Partnerships. Everyone needs someone 🙂 No matter how much of a superwoman we are! I do believe that partnerships are a great way to grow a business. But you have to strategize and make sure you do your due diligence. Especially in the early stages, when your brand can be most vulnerable and it’s harder to absorb incompatible partnerships.
What advice do you have for women trying to cross cultural lines to grow their business? Can you speak to this from both a race and class perspective?
You really have to think about 1) what you want from your business—what you want it to be and 2) who your customer is. If you are focused on optimizing your reach and sales and you can get this from other races and classes then go for it. If you want to specifically focus on a certain market due to the foundational principles of you and your business then go with that too. It is a deliberate decision you have to make in positioning your business. As a business owner, you just have to really understand and accept the trade-offs of each option.
Has your product/service gone through iterations and changes? What was your strategy for learning from customers and improving the product?
Absolutely! I am not doing now what I did in the beginning. As I learned and saw what the market needed, I adjusted… quickly. It is important to always be in tuned to what is needed and to take much of the emotion out of this process. Sometimes we think or assume what customers want, because of our history and experiences, and fail to see what they want or when their wants change. My strategy is simply watching and listening, then making really quick adjustments to my business.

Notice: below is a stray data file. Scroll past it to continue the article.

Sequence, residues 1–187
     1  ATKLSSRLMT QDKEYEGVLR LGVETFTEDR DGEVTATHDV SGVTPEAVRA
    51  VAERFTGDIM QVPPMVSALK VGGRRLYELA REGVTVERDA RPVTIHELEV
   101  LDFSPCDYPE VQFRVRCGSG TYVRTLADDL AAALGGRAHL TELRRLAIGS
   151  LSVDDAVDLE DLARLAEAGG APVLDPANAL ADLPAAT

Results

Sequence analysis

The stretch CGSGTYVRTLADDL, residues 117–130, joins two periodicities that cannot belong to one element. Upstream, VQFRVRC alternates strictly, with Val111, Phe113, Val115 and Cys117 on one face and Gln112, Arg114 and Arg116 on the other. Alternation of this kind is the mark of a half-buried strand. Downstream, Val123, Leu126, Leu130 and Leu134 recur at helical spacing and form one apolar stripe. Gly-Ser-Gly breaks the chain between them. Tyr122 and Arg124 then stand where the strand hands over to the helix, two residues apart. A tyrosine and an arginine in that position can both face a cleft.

How have relationships impacted your business? What advice would you give entrepreneurs about how to manage business relationships? What relationship skills are most important for business success?
Relationships are critical! I would not be where I am without them. It is good to first tap in the trusted people you know, especially when you are first starting out. But, you may not have all the skill sets needed within your tight-knit circle. This is where it’s critical to find mentors that are aligned with your vision. But, this does take time and finding that right fit does not happen overnight.
Tell us about your first big deal and how you achieved it?
Relationships, relationships, relationships! I did not even know an opportunity existed. We have been nurturing a good working relationship with a large organization—and building that credibility. I actually proposed one program to them and they mentioned an even bigger one that was brewing.
How did you acquire the necessary capital required to scale your business and get to this level?
I boot strapped my entire business. For me, the sales and some personal savings grew my business.
If you can share one message to inspire black women in business, what would it be?
“Vision Without Execution is Hallucination” Thomas Edison. Have a vision and strategy, but the power of success is in doing.